7. One of the things I like about your stuff is that when you have collaborations with other MCs, or DJs, or whatever, they don’t feel market-driven. More like, you meet someone, you vibe with them, you try making a track. Do you see that as a part of hip hop culture more than a part of rock-band culture?

I think it's cool in hip hop culture you are encouraged to hook up and make stuff together. It's less that way in rock -- although the plus side of that is that you tend to do more stuff yourself, play instruments as well as sing, et cetera. In hip hop everyone limits themselves a bit by only being an "MC" or "producer" -- rarely is someone both. But I digress. I am very honored to have worked with the people I have worked with. It elevates your music.

8. How many times can someone collaborate with Kool Keith before they're just too dirty to fit in with the rest of society?

There is no limit to working with Kool Keith. He's a genius!

9. Hate to even mention it, but I read that SPIN article about white female MCs called "Feminem" or somesuch, and I noticed that you were the only one who wasn't working through some form of a management team or major label. Do you think that what the labels are looking for is a more pop MC, ala Icy Blue from way back? I kinda see you as more like the funny version of Anti-Pop or some of the Def Jux stuff, myself.

Yeah I relate to that much more, being underground. That article really bummed me out. It was so stupid and sad that people have to make these categories like "white girl MC". Fuck that! I am also a "white girl guitar player." I really fight against being in any kind of category. Which probably won't help me sell any records.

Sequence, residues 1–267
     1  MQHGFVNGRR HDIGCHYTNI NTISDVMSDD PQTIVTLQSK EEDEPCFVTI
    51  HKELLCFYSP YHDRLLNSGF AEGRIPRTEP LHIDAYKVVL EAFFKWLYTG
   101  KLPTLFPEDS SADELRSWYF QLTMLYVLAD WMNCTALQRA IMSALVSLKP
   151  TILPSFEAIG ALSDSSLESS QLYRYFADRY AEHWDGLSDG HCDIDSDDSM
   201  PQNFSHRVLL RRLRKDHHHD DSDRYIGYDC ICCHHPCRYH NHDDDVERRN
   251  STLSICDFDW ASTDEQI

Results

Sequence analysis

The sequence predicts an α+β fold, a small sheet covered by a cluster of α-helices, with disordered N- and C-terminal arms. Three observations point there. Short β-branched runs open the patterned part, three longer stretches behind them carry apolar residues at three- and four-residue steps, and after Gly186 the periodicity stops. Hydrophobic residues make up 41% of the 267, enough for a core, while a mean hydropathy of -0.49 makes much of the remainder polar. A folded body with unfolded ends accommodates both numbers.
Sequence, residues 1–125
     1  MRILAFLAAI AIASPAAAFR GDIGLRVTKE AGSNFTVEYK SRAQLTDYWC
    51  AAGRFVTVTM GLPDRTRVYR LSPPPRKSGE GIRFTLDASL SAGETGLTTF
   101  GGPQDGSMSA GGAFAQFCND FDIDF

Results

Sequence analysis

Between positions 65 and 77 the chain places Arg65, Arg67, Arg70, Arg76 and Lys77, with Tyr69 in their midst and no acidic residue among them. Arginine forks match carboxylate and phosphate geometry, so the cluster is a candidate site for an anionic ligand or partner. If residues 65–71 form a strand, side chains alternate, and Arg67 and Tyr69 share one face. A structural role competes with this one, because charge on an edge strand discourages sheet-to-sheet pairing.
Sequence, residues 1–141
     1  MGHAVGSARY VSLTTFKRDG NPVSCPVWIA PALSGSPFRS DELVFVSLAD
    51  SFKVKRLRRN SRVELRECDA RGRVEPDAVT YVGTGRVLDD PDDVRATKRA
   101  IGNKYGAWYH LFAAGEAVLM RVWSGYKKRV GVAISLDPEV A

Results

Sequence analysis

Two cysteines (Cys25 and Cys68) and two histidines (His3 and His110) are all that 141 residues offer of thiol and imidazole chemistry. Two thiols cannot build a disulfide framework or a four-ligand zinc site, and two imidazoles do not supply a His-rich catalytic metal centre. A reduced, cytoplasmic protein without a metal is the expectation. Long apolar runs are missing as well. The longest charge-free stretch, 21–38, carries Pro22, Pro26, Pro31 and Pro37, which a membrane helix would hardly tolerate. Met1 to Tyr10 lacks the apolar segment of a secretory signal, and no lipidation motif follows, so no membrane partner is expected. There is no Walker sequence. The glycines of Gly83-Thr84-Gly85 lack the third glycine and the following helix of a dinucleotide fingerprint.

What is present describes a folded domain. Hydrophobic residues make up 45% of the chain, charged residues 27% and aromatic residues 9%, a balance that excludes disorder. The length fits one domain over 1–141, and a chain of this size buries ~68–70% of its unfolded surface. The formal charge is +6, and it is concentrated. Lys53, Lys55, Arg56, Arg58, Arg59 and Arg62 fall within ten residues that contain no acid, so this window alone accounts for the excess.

10. Yeah, well, I can’t really imagine that “Natasha” from that article will have a fanbase like yours, or make anything as interesting as “Kool Keith’s Ass”…

The song, not the ass itself.

11.  When I first met you, you were distributing your records through the Corrupt Conglomerate, you were arranging your shows yourself, etc. Has signing to Rapster changed that at all?

Yes, everything has totally blown up so much bigger. Four or five interviews a day lately. I feel so lucky!

12. Am I one of the people you dis in "You Get Mad at Napster"? (“You get mad at Napster when nobody's even heard of you/I did a search on your name and came up with 1 result- It was your computer”) Seriously, though, you're a musician who just quit her day job finally, what's your take on the whole free-music thing?

No, of course not! That was for someone else who was harassing me on the Internet -- not you. I think music should be free. I loved Napster.

13. Any final message you want to get out there? Any smoke signals you want to send through a ‘cartoon reviews and Bond Girls’ site?

I wanna do a collab with Ghostface Killah and Dolly Parton on the same song!! Serious!


-This exclusive retroCRUSH interview is brought to you by MC Stopheles, of the Hardcore Horror-Rap act, Old Scratch.  You can listen to his music HERE. I recommend "2000 Maniacs" (of course) where you can hear him rhyme Bob Saget with Maggot.

And of course, visit Princess Superstar's site, HERE.  She's currently working on a 4th album, and stealing my heart.

-Robert Berry
webmaster@retrocrush.com